Anspach said that at 2,000 feet over Sinuiju Communist flak batteries opened up and the antl- aircraft fire seemed to bother the Red pilots. "I broke back through them and headed for the water," he said "As soon as I got out over the Yellow they broke off the attack." Ansnach streaked home on the last drops of fuel. The gauge read empty as lie landed. Ctofcfeyville Paper Wins Another 'First' NEW ORLEANS Wl The National Editorial Association Monday awarded first place to the Cotfeyville, Daily Journal for having the best column with a Variety of subjects. Other awards included: Best Feature Stony (under 2,000 decollation) Mbnkato, Jewell County Record, second plftce.

Kansas, met with the mayor flc a i wcease 1 formally to outline the armory pro- posal and the factors that make an early decision on that question most desirable. i Three or four years ago the Congress voted several million dollars for the construction of armories, allocating a given amount Of funds to each state. Kansas accepted its share on a- matching fund basis, which arbitrarily set the amount available for any armory at $40,000. The municipality provides the remainder and the site. Navy Planes Rip East Korean Area SEOUL Navy planes from Task Forte 77 bombed targets in Eastern Korea today to provide virtually the only action in the Ka- reijn War.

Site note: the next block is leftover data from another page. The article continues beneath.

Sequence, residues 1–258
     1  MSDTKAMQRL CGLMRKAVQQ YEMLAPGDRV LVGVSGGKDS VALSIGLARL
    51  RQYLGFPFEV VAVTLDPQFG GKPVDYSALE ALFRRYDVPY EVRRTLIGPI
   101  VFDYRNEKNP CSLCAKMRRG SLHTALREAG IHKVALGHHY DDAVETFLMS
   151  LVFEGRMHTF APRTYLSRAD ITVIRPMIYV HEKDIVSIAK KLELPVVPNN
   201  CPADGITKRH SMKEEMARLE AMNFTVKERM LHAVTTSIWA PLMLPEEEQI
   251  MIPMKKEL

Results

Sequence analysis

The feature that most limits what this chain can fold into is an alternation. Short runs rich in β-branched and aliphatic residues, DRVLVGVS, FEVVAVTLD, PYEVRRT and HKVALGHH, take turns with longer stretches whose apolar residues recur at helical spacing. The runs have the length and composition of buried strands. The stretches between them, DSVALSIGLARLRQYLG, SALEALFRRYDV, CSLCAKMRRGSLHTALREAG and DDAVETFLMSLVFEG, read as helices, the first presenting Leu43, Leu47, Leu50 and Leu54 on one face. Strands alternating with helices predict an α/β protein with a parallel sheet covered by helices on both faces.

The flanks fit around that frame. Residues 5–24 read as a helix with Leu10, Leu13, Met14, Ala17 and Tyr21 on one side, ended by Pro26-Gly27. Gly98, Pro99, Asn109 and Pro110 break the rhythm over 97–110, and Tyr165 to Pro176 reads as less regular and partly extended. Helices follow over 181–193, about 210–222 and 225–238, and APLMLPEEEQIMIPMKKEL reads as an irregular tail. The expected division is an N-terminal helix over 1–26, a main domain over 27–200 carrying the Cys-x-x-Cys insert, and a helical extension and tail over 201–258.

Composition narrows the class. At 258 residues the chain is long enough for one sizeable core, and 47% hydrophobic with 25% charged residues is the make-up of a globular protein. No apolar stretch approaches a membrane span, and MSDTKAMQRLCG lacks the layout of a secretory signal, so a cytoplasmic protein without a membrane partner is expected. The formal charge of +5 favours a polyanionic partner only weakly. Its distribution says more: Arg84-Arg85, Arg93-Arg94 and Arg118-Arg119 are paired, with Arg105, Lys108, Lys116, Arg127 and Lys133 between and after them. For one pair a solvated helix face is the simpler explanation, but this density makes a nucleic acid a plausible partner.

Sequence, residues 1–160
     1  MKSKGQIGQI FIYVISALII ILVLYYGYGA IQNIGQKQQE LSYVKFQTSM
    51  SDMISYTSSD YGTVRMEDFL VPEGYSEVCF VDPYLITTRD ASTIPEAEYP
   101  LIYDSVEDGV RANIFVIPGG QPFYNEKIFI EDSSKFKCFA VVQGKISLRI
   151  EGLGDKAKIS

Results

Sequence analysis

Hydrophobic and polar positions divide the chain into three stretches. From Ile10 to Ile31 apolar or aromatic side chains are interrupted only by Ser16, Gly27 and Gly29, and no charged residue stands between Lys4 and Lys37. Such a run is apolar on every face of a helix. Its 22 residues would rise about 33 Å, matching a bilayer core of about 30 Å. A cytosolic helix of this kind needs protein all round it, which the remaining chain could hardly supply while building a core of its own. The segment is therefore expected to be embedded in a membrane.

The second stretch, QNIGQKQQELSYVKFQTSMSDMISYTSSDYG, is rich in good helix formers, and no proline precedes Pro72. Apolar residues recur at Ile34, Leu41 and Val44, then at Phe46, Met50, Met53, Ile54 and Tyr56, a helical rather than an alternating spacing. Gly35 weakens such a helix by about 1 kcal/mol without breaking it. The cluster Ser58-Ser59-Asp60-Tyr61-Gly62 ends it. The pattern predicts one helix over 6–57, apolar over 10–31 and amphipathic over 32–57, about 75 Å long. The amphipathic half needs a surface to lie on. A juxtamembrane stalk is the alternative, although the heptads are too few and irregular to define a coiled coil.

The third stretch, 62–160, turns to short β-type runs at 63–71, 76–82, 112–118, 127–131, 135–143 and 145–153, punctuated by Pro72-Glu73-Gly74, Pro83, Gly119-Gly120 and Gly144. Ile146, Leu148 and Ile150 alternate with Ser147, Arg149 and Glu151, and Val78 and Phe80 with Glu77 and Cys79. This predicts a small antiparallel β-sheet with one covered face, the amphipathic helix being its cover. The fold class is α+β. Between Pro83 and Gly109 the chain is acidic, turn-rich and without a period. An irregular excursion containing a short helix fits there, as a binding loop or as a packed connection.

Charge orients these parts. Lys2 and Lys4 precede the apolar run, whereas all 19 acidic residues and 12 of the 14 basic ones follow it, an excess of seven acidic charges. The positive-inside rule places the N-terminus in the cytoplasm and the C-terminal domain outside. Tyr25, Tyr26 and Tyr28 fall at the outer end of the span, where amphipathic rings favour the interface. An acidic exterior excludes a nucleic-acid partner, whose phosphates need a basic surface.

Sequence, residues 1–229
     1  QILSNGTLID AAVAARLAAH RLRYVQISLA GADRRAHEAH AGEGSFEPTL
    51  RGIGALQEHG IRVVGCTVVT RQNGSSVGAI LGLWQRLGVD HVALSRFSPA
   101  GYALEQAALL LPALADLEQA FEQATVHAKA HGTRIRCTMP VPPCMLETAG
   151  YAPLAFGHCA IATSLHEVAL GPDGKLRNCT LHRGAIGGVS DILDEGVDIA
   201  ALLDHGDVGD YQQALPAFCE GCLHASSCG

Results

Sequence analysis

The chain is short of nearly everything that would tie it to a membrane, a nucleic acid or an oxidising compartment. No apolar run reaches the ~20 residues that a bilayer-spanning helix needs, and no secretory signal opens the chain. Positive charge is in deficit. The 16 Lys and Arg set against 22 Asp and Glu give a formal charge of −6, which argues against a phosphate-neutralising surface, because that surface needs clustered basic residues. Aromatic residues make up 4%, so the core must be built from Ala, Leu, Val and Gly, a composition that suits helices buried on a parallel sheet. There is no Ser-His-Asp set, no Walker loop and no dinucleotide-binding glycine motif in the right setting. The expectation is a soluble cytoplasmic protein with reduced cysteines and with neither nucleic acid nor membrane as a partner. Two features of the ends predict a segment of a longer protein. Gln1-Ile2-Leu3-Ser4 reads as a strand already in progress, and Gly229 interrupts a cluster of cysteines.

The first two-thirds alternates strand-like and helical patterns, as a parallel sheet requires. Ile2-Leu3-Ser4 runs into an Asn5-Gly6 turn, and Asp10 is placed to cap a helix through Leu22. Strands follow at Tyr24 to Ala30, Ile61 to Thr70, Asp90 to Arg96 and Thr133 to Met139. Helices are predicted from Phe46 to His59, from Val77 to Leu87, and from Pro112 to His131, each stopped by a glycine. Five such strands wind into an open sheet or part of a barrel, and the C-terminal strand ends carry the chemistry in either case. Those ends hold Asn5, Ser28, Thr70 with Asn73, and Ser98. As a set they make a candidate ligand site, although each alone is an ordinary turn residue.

Gusty winds atid grey skies grounded almost all land-based planes. Only a few patrols moved no man's land as truce nego- gdtiators met for the third day at Panmunjom. said both the Allied and Communist armies appeared (0 be under wraps pending the outcome of the renewed truce negotiations. There has been no of- Several towns have built armories under these terms and several more have approved the projects. Trie State now has funds with which to finance its share of only five more armories.

The plans for these buildings are uniform and require a site 350 feet square or about a city block. (In Iola a city block is not quite as large as desired but is satisfactory). The plot must furnished by the city on ground which has never been flooded. All Utilities must be available. When completed the building will be available for public use at low rentals.

One of the features is a good auditorium with excellent acoustics. J. D. Conderman, who is active in the local national guard, met with the commissioners this morning (Continaed an Page 8. No.

l) Fighter bombers from the carriers Valley Forge; and Princeton struck targets at Tanchon and Sot 'o, firing two supply dumps and estroying at least eight trucks. The trucks, pilots said, apparently loaded with ammunition exploded. They also reported fires were touched off all oyer the: target areas. A South Korean patrol clashed with small Chinese groups near Outpost Texas on the central front. The ROK reported killing 21 Chinese in two separate skirmishes at dawn Tuesday: The Weather KANSAS Partly cloudy and windy through Wednesday wtfc scattered thunderstorms by Tuesday night and over extreme east Wednesday: cooler most of state Wednesday: strong shifting winds becoming north and northwest and continuing 30 50 m.